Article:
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John Pennekamp State Park in Key Largo, Florida
History of the Park
When David Fairchild was elected the first president of the Tropic Everglades Park Board in 1928, he felt like he was fighting a losing battle. People were not yet conscious of the need for an effort to save the environment, and thought that the Everglades was just a swamp, only good for draining. Ernest Coe proposed the creation of Everglades National Park, whose eastern boundaries were to extend east across Key Largo and out to the reef. A large portion of the park would be in Monroe County and the county commissioners felt that would dilute its tax base. In 1946 the Everglades National Park Commission was reactivated with John Pennekamp at its head. The park's eastern boundary was moved westward to the Intracoastal Waterway, where it is now.
Pennekamp also became equally dedicated to making the Coral Reef Park a success. But protection of the outer reefs was still a problem, and their condition was reaching the crisis level. Barges carried away large quantities of Queen Conch and coral, some of which was even dynamited from the reef. In 1957, Dr. Gilbert Voss, a marine biologist, began a campaign to save the reefs, his first step was discussion with a group of 52 scientists at a biological conference held in the Everglades National Park.
In 1959, Governor Leroy Collins gave the Coral Reef Preserve control of the ocean bottom to the three-mile limit off the coast. Governor Collins then set out to persuade President Eisenhower to transfer the federal land, beyond that three-mile limit, to the state of Florida. This was accomplished in 1960, but there was still no land above water dedicated to the preserve. On December 10, 1960, Governor Collins dedicated and named the preserve "John Pennekamp Coral Reef State Park" at the most important gathering of county and state officials in the Keys since Henry Flagler arrived on the first train into Key West in 1912.
Mostly through the efforts of John Pennekamp, the state acquired 74 acres of land in the southwest part of Largo Sound for a base of operations. This land was owned by The Rand Trust and the Radford Crane family who had already received a firm offer of $141,000 for the land from another individual. Pennekamp talked Radford Crane into waiting to finalize the sale until the state came up with its offer.
Although the park then had the submerged land, as well as the land-based area, they needed road access. This was donated and even cleared by Herbert and Donna Shaw. Today this old entrance is closed but you can see it just south of the present park entrance. Several individuals, including Radford Crane, donated more land, all of which became part of the park.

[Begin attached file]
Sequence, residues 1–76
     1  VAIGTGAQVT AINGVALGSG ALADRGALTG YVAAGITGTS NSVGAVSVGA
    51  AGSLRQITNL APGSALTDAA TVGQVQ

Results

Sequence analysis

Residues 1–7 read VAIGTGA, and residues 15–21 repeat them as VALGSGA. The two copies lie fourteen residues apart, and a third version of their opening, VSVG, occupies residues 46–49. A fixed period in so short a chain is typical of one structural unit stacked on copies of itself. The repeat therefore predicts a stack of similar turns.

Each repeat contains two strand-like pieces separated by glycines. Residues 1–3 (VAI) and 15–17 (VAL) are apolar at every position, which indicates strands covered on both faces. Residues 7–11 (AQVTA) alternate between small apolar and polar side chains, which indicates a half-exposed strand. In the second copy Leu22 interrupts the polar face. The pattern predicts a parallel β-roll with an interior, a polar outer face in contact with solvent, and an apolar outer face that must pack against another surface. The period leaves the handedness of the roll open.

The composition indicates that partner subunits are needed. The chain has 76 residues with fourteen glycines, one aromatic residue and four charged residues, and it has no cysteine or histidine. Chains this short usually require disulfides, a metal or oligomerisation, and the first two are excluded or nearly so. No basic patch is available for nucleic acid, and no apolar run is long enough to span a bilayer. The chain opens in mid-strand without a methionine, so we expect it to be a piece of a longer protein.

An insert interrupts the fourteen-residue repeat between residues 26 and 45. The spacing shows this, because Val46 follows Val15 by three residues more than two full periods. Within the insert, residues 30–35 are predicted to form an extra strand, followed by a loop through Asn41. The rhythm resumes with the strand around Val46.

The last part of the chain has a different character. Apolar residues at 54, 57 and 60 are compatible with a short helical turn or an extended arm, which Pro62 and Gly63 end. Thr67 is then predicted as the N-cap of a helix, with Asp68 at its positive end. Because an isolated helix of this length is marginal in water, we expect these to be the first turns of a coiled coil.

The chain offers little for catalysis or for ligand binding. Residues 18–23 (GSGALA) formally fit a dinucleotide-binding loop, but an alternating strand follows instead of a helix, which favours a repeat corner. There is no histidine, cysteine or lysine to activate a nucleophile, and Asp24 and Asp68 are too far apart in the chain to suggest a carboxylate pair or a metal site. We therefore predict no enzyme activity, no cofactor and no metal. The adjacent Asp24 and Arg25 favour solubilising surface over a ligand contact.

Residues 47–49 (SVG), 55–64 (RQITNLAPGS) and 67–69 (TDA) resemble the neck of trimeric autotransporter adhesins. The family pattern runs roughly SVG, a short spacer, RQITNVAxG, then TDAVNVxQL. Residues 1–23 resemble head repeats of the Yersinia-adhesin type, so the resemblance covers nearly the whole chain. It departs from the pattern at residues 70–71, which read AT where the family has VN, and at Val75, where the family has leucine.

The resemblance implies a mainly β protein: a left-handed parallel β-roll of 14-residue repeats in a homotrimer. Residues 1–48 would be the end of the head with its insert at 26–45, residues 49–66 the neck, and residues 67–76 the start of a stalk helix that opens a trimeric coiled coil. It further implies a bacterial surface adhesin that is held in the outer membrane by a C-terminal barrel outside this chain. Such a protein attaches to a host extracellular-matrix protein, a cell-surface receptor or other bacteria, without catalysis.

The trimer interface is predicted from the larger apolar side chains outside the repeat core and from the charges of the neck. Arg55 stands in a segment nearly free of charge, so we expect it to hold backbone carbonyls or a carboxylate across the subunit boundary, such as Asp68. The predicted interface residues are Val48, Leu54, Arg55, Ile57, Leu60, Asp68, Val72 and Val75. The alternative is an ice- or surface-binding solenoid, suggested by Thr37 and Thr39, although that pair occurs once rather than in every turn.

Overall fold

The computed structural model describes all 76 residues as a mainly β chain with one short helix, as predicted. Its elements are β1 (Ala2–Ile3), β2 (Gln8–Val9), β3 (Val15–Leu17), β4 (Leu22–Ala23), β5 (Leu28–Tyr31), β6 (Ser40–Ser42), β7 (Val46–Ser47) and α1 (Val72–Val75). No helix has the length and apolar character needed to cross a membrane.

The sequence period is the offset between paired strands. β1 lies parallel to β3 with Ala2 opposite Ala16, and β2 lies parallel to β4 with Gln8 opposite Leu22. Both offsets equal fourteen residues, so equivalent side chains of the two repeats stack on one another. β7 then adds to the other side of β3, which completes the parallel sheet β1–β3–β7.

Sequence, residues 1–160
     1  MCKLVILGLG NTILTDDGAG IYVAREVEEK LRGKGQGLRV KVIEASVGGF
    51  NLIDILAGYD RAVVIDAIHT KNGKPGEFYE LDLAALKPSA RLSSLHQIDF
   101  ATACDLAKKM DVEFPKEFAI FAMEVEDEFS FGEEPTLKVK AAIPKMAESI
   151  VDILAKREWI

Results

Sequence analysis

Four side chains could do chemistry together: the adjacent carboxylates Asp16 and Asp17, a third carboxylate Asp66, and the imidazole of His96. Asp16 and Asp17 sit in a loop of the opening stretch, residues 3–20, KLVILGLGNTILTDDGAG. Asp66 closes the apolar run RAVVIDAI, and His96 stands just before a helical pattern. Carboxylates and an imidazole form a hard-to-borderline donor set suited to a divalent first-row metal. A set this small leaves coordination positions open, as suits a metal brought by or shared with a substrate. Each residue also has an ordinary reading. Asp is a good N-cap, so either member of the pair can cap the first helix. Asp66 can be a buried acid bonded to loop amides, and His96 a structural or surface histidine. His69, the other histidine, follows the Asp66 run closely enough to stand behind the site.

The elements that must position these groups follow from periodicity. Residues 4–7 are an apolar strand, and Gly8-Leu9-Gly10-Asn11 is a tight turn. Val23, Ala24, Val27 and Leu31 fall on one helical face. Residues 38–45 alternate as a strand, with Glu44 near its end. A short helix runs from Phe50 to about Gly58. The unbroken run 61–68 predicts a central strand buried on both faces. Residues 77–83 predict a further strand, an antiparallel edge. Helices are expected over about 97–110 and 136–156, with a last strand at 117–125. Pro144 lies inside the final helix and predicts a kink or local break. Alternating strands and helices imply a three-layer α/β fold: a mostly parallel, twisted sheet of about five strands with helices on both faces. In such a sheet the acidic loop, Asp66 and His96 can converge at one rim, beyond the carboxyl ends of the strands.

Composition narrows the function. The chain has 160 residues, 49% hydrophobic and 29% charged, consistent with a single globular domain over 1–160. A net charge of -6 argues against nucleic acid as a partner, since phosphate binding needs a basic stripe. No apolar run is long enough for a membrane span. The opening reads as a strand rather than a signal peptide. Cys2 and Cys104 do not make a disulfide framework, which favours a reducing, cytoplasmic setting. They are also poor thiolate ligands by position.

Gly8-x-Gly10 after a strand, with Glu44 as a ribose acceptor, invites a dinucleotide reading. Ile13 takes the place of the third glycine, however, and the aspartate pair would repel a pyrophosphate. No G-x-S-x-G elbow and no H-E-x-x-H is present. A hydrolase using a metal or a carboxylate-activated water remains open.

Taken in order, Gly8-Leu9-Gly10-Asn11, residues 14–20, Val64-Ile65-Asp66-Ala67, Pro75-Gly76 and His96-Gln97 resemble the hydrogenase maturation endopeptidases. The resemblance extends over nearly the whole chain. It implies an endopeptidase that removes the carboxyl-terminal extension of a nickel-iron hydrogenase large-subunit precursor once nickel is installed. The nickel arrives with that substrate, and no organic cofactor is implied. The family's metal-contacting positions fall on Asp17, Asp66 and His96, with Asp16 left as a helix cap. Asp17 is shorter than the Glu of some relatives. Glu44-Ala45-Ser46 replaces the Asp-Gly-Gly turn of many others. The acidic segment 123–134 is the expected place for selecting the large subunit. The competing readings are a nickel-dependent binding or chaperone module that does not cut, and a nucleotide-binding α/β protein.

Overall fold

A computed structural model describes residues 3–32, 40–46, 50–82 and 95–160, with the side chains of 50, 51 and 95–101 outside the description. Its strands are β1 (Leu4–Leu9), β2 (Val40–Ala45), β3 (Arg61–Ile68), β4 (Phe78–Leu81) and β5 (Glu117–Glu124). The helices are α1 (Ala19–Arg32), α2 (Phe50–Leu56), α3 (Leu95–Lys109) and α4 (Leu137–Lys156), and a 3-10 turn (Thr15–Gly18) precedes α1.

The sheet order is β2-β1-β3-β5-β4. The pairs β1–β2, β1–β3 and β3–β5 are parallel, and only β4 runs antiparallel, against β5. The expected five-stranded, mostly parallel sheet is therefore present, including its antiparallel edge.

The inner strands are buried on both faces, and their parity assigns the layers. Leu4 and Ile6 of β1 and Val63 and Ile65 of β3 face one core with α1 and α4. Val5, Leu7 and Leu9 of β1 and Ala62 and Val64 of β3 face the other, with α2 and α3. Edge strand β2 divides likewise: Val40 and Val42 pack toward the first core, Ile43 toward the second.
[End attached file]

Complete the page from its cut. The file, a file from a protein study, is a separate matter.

At the same time John Pennekamp Coral Reef State Park was gaining acceptance and popularity, an Italian skindiving enthusiast, Egidi Cressi, donated a nine-foot tall bronze statue to the Underwater Society of America. This was a bronze reproduction of "Il Christo Delgi Abissi" (Christ of the Abyss), which rests in the Mediterranean Sea. The Underwater Society offered it to the Florida Park Service, which chose the Pennekamp Park for its final resting place.
Today John Pennekamp Coral Reef State Park is a very popular tourist attraction. This huge preserve includes The Coral Reef Theater, a giant reconstruction of a living patch reef in a floor-to-ceiling circular aquarium, and snorkeling and diving concessions where you can rent equipment and even get instruction toward dive certification. Cannon beach features an authentic reconstruction of an early Spanish shipwreck about 100 feet offshore. For those who want to see the reef up close without getting in the water, there is a glass-bottomed boat ready to take you there. Canoeing and kayaking are becoming more popular all the time, and Pennekamp has over 2 miles of mangrove wilderness ready for your exploration.
Camping is available, with dumping sites and electricity for an extra fee. As with other Florida State Parks, half of the sites are previously reserved for up to 60 days in advance. The other half are left open for those who take their chances on a first-come, first-served basis. The maximum stay at this type of campsite is two weeks. Bathhouses are clean, as is the rest of the park. An added benefit to the camper is 24-hour access to the beaches and more private areas of the park.
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John Pennekamp State Park - fabulous snorkeling and diving in Key Largo, FL.
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